Health & Medical Immune System Disorders

Hypothyroidism in Women - What You Need to Know?

While hypothyroidism can, and does, affect both men and women, women are more likely to suffer from an underactive thyroid gland than their male peers.
Furthermore, because of the differences within the male and female body, hypothyroidism can impact a woman in different ways than it impacts a male.
These are the topics and issues to be addressed within this article, and they're extremely important topics and issues for women with an underactive thyroid, or women who suspect they may have one.
General Hypothyroidism Symptoms Knowing the symptoms of hypothyroidism, and what to look for is extremely important.
Because the thyroid gland regulates and/or affects so many different functions in the female body, being aware of all the symptoms associated with hypothyroidism can help you to be more aware of if or when you have an issue.
It is also important to note that hypothyroidism is a slow onset condition.
Instead of setting in all at once, or over a couple days like a common cold, hypothyroidism often sets in over several years.
Initial symptoms of an underactive thyroid present at tiredness or fatigue.
As your condition progresses, you may experience weight gain, constipation, depression, joint or muscle pain, muscle weakness, increased cold sensitivity, heavy periods or periods that increase in duration, pale and/or dry skin, a hoarse voice, puffy skin (especially in the face), and increased fatigue.
If you're experiencing these symptoms, have your doctor test your thyroid function, as well as your bad cholesterol levels (LDL).
High LDL levels are often associated with hypothyroidism, and can cause additional issues in conjunction with your underactive thyroid symptoms.
Unique Impact of Hypothyroidism on Women In addition to the above general symptoms of hypothyroidism, an underactive thyroid impacts women in some very unique ways.
The thyroid gland as a great deal to do with the reproductive system of a woman, and thus, having an underactive thyroid creates a number of different reproductive and puberty issues.
The thyroid is extremely important in the regulation of puberty, and individuals that experience early or late onset of puberty are generally able to attribute that irregular onset to their thyroid levels.
An underactive thyroid will cause late puberty, and may also stunt other areas of growth.
Along with puberty onset, an underactive thyroid can also cause issues with the menstrual cycle, making a women's periods very heavy, or longer than usual.
Hypothyroidism can also cause irregular periods, or the disappearance of periods entirely.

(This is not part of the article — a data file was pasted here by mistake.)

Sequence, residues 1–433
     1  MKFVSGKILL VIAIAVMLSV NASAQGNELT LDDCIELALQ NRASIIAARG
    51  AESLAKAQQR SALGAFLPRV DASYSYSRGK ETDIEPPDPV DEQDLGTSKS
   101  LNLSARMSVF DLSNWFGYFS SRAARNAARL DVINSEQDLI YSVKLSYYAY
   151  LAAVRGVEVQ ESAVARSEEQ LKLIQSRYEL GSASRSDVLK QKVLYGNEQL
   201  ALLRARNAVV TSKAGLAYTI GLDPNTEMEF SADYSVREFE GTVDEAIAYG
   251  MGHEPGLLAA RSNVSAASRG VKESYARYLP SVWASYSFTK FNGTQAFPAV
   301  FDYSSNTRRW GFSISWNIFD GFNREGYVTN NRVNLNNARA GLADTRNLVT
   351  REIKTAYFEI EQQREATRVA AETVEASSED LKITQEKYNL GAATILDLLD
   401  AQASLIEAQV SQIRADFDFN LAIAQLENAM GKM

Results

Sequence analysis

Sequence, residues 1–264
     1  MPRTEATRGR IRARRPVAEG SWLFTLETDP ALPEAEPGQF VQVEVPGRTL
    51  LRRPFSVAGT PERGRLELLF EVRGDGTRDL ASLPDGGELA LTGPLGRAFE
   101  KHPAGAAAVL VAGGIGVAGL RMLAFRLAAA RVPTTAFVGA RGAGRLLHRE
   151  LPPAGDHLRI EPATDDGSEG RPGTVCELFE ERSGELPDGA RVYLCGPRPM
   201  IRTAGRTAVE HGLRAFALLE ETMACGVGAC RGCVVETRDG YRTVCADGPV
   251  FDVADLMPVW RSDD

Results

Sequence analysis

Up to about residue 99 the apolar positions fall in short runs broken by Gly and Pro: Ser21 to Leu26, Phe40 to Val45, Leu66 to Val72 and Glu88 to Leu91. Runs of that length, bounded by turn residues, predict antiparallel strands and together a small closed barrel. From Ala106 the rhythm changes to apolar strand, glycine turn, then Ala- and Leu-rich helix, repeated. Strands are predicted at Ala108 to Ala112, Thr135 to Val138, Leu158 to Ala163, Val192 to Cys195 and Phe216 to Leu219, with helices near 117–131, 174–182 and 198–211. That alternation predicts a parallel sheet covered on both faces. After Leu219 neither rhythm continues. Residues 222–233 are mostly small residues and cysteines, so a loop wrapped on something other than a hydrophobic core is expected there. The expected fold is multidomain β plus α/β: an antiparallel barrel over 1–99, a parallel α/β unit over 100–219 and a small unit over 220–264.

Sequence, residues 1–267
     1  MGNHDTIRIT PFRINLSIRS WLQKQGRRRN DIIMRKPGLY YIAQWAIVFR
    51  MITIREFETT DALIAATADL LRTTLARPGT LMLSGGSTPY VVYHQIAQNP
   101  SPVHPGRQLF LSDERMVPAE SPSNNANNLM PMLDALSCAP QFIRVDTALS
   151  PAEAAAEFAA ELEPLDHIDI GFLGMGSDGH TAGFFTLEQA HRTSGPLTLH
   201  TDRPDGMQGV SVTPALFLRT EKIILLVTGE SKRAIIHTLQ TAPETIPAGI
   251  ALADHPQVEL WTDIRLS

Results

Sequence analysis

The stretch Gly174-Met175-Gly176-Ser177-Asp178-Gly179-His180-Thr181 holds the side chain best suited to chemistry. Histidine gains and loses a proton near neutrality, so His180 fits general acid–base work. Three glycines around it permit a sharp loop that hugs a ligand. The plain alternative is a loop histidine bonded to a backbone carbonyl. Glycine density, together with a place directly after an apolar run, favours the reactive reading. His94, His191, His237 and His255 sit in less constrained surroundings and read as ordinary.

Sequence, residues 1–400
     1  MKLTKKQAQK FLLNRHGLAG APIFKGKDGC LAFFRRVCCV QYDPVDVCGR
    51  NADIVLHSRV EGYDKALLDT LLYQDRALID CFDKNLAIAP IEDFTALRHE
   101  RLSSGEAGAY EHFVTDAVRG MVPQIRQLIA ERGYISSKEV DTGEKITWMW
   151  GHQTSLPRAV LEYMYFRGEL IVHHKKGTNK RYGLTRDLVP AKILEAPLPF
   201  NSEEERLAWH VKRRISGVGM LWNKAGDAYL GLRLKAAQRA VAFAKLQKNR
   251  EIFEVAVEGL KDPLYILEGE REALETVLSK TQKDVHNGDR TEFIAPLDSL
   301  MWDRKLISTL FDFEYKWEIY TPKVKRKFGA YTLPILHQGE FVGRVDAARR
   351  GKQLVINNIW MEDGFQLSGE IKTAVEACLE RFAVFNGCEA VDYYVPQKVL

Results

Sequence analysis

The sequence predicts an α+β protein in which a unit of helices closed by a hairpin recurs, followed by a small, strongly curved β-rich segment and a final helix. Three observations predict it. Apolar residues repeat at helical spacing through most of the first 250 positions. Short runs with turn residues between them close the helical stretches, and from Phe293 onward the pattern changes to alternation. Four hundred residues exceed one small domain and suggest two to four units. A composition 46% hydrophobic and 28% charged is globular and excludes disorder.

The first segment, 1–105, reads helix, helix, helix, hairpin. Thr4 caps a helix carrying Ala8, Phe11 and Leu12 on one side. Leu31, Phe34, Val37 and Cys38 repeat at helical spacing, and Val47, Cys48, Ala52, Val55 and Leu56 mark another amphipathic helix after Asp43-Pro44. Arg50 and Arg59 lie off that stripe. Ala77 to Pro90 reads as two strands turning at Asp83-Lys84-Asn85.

Because of this wide variance in the impact of menstruation, it is important to seek the assistance of your gynecologist if you experience changes in your menstrual cycle, even if they seem minimal in nature, and especially if they are accompanied by other symptoms that may signal an underactive thyroid issue.
As you may expect from the impact on menstruation, hypothyroidism also causes reproductive issues in women.
An underactive thyroid impacts ovulation, and may impair or prevent ovulation, thus decreasing fertility.
It also increase the risk for ovarian cysts, but oddly enough, increases milk production within the breasts.
During pregnancy, slow thyroid function can harm your growing baby, as well as increase your risk for postpartum thyroid issues.
In many cases, hypothyroidism during pregnancy triggers postpartum thyroiditis.
If you suspect an issue with your thyroid prior to getting pregnant, be sure to have a thorough evaluation, and remedy the issue as soon as possible.
If you're already pregnant, consult your doctor for treatment options that are safe for you and your baby.
As if these issues weren't enough, hypothyroidism can also cause issues with menopause, triggering early menopause in some individuals.
Early menopause is considered menopause that onsets prior to, or during your early 40s.
Unfortunately, after early menopause has onset, there is little you can do to stop it, and management will have to be discussed with your physician.
Hypothyroidism Treatment Once you've been diagnosed with hypothyroidism, you can begin discussing treatment options with your physician.
There are several different treatment and management options, and your treatment plan will depend on your preference, your doctor's preference, and the specifics on your particular condition.
The most common treatment option utilized by physicians is to prescribe replacement hormones to bring your levels back up to their normal levels.
This hormone replacement generally comes in the form of a man-made thyroid hormone called T4.
By taking this man-made T4, your body generally begins to produce it's own T3 (a secondary thyroid hormone produced from T4).
If your body doesn't begin to make it's own T3, your doctor may prescribe a man-made T3 hormone as well.
This combination therapy will assist your body in getting back to normal, and to slowly eliminate your symptoms.
In most cases, individuals who are diagnosed with hypothyroidism continue treatment with these man-made hormones for the duration of their lives.
However, promise for hormone pill cessation has been shown in those who follow a thyroid and thyroid hormone healthy lifestyle, which includes a specific nutrition plan, as well as exercise.

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